2nd Sunday of Lent (C)

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Papal Homilies

Pope Francis

March 13, 2013 – Present

MARCH 17, 2019 | Angelus

The End of Our Journey

[In the Transfiguration] the Lord reveals to us the end of this journey which is the Resurrection, beauty: by carrying one’s own cross.

The Transfiguration occurs at a precise moment in Christ’s mission, that is, after he has confided to his disciples that he would have to “suffer many things, […] be killed, and on the third day be raised” (v. 21). Jesus knows that they do not accept this reality — the reality of the Cross, the reality of Jesus’ death —, and so he wants to prepare them to withstand the scandal of the passion and death on the Cross, so that they may know that this is the way through which the heavenly Father will lead his Son to glory; by raising him from the dead. And this will also be the way for the disciples: no one can reach eternal life if not by following Jesus, carrying their own cross in their earthly life. Each of us has his or her own cross. The Lord reveals to us the end of this journey which is the Resurrection, beauty: by carrying one’s own cross.

Therefore, the Transfiguration of Christ shows us the Christian perspective of suffering. Suffering is not sadomasochism: it is a necessary but transitory passage. The point of arrival to which we are called is luminous like the face of Christ Transfigured: in him is salvation, beatitude, light and the boundless love of God. By revealing his glory in this way, Jesus ensures that the cross, the trials, the difficulties with which we struggle, are resolved and overcome in Easter. Thus this Lent, let us also go up the mountain with Jesus! But in what way? With prayer. Let us climb the mountain with prayer: silent prayer, heartfelt prayer, prayer that always seeks the Lord. Let us pause for some time in reflection, a little each day, let us fix our inner gaze on his countenance and let us allow his light to permeate us and shine in our life.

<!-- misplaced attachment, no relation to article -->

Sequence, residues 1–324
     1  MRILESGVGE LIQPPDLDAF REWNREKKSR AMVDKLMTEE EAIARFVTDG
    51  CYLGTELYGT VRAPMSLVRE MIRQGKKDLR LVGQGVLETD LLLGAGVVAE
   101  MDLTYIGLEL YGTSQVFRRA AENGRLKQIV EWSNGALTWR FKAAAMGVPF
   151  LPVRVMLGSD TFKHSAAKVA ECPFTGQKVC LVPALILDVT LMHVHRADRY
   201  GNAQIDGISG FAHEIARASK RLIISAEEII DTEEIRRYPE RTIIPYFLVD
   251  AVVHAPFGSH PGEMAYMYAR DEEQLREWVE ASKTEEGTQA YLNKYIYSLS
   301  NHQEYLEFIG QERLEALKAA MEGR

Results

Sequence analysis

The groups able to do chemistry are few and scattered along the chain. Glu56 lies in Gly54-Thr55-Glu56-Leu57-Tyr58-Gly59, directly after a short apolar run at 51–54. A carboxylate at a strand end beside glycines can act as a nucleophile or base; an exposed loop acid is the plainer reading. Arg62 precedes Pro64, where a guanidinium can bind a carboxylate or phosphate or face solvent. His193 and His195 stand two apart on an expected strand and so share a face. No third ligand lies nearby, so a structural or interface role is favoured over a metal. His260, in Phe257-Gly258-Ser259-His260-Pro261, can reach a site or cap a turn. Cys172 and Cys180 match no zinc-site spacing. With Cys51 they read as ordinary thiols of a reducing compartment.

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SOURCE: The Holy See Archive at the Vatican Website © Libreria Editrice Vaticana

FEBRUARY 21, 2016 | Angelus

The Lord Shows Us the Light of His glory through the Body of the Church

The light of a faith… transfigures faces and illumines our path.

The apostolic visit that I made to Mexico some days ago was an experience of transfiguration for all of us. How so? Because the Lord has shown us the light of his glory through the body of the Church, of his holy people that live in this land. It is a body so often wounded, a people so often oppressed, scorned, violated in its dignity. Therefore the various encounters we experienced in Mexico were truly full of light: the light of a faith that transfigures faces and illumines our path.

The spiritual “centre of gravity” of my pilgrimage was the Shrine of Our Lady of Guadalupe. To remain in silence before the image of the Mother was my principal aim. I thank God that he gave me this opportunity. I contemplated and I allowed myself to be gazed upon by she who carries imprinted in her eyes the gaze of all her children, gathering up the sorrows caused by violence, kidnapping, assassinations, the violence against so many poor people, against so many women. Guadalupe is the most visited Marian shrine in the world. From all over the Americas, people go to pray where la Virgen Morenita appeared to the Indian, St Juan Diego, which set in motion the evangelization of the continent and its new civilization, a fruit of the encounter between diverse cultures.

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SOURCE: The Holy See Archive at the Vatican Website © Libreria Editrice Vaticana